SUNDERLAND’S director of football Roberto De Fanti has been sacked.
The axe has fallen midway through the January transfer window – which is probably the oddest thing about the dismissal of an always controversial figure at the club.
But the truth is that his position has been openly questioned inside and outside the club in recent months, following what has been perceived as a disastrous summer transfer window – the former Italian football agent’s first in the newly created post.
De Fanti was chairman Ellis Short’s appointment, and was part of the American’s own connections.
Short wanted to improve the structure and organisation of the club in the transfer market after becoming concerned about the lack of improvement the £200m he has invested in the club, on fees and contracts, has brought.
But right from the start, the creation of the post and the person chosen to fill it, was a contentious issue.
De Fanti’s failure to give media interviews, and the club’s decision not to push him forward only increased the shadowy feel to the appointment of a man Short personally knew well, but was very much a mystery to the supporters.
That sense of things going on behind the scenes did not impress fans, but what has really done for the Italian is the failure to get value for money or success in the one transfer window where he was given carte blanche.
Sacked head coach Paolo Di Canio complained before his dismissal that when things go wrong in the system which has been widely tried in Italy, it is always the head coach rather than the director of football who pays the price.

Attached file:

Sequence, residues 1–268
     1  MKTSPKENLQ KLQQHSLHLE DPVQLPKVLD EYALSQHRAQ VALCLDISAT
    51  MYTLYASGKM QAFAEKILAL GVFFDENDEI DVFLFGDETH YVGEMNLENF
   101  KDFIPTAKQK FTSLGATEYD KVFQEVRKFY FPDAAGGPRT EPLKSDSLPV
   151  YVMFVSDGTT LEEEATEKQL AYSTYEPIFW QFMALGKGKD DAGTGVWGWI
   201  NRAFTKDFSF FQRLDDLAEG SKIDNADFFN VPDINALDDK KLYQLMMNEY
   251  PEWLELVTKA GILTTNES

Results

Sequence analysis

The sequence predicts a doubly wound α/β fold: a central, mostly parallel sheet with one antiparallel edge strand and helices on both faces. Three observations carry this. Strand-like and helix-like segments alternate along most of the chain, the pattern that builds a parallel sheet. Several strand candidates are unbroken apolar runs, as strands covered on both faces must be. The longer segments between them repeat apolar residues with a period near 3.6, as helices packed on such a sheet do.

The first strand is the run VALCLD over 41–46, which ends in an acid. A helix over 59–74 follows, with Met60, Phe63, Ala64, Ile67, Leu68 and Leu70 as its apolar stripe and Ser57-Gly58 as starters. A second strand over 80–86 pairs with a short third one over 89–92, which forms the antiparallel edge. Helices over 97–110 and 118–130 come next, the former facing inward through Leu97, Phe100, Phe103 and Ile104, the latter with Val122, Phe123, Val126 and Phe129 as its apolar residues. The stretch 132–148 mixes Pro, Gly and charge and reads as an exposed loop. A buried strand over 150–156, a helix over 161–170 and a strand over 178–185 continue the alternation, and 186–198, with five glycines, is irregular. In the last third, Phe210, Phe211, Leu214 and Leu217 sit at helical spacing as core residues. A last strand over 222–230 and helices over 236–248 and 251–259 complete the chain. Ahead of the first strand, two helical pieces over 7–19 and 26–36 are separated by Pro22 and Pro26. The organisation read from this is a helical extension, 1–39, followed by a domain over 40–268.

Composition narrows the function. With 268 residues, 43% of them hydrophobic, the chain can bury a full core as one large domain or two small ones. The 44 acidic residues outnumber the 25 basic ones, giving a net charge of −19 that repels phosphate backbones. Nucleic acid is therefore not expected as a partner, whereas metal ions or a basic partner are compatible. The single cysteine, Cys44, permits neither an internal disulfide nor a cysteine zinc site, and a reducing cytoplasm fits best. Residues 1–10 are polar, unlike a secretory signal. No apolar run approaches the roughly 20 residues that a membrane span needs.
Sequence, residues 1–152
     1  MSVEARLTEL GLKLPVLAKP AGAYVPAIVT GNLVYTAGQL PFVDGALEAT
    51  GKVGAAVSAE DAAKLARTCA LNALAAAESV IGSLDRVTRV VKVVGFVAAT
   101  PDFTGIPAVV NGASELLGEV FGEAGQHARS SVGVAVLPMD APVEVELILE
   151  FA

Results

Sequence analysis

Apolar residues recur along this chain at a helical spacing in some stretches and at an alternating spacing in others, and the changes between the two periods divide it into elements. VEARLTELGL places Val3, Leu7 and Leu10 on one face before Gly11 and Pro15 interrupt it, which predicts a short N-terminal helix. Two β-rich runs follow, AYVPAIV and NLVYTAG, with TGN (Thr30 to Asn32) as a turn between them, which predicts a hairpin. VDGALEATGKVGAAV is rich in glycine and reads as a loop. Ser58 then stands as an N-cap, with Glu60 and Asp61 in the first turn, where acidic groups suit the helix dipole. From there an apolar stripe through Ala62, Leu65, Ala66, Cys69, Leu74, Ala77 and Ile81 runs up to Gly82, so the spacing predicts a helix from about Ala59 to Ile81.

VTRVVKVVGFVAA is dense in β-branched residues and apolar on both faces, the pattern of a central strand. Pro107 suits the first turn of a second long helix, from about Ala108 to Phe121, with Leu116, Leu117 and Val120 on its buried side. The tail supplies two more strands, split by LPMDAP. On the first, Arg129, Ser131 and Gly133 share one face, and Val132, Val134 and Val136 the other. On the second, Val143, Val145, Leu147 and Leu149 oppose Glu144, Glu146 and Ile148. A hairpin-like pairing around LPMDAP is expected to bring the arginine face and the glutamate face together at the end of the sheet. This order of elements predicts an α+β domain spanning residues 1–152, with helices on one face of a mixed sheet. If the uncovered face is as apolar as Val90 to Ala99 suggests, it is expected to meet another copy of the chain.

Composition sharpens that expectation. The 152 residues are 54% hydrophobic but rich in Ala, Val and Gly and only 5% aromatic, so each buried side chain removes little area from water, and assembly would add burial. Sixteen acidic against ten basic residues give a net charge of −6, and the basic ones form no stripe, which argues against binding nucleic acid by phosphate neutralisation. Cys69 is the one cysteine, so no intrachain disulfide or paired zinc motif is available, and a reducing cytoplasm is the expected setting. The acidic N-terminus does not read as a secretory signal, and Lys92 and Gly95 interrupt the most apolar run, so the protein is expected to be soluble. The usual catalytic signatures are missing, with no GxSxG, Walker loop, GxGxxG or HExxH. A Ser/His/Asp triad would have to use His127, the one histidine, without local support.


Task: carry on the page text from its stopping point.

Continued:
And Di Canio claimed afterwards that he had little say in the acquisition of the 14 new players who arrived in the summer.
Many of those new signings have proven outright flops, others have struggled to hold down first-team places.
And with Di Canio gone, and the finger of blame pointing firmly at a disastrous transfer window, which also saw the departures of Simon Mignolet, Stephane Sessegnon and on-loan Spurs defender Danny Rose, the position of De Fanti, who cut a slightly comical figure, was always going to come under scrutiny.
New head coach Gus Poyet said he was happy to work under a director of football system if it was operated properly – though he never personally endorsed De Fanti.
And the expectation was that the system, with Valentino Angeloni operating as chief scout,would continue until the end of the season at least, at which time a major inquest is planned into all levels of Sunderland Football Club.
Instead, the club appears to have decided that with the system not working, and the impressive Poyet being firm in exactly who he wants to bring in and more than capable of operating to recruit players, De Fanti has been deemed surplus to requirements sooner than expected.